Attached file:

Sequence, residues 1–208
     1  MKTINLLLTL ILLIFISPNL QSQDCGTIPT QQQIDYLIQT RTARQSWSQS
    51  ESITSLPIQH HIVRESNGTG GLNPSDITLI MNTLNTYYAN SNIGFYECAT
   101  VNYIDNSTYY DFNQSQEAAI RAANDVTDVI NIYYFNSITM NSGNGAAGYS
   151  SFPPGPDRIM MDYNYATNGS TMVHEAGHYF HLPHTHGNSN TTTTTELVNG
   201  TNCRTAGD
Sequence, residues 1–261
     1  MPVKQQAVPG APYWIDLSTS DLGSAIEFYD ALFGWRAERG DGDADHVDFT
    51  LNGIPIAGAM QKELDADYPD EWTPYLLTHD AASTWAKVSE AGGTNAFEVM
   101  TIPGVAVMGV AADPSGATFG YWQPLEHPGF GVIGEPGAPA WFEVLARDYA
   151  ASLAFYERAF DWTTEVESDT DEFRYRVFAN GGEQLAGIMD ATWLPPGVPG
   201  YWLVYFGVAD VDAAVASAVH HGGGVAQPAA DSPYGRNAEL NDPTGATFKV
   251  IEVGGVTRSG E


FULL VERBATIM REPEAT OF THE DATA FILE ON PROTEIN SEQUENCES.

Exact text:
Sequence, residues 1–208
     1  MKTINLLLTL ILLIFISPNL QSQDCGTIPT QQQIDYLIQT RTARQSWSQS
    51  ESITSLPIQH HIVRESNGTG GLNPSDITLI MNTLNTYYAN SNIGFYECAT
   101  VNYIDNSTYY DFNQSQEAAI RAANDVTDVI NIYYFNSITM NSGNGAAGYS
   151  SFPPGPDRIM MDYNYATNGS TMVHEAGHYF HLPHTHGNSN TTTTTELVNG
   201  TNCRTAGD
Sequence, residues 1–261
     1  MPVKQQAVPG APYWIDLSTS DLGSAIEFYD ALFGWRAERG DGDADHVDFT
    51  LNGIPIAGAM QKELDADYPD EWTPYLLTHD AASTWAKVSE AGGTNAFEVM
   101  TIPGVAVMGV AADPSGATFG YWQPLEHPGF GVIGEPGAPA WFEVLARDYA
   151  ASLAFYERAF DWTTEVESDT DEFRYRVFAN GGEQLAGIMD ATWLPPGVPG
   201  YWLVYFGVAD VDAAVASAVH HGGGVAQPAA DSPYGRNAEL NDPTGATFKV
   251  IEVGGVTRSG E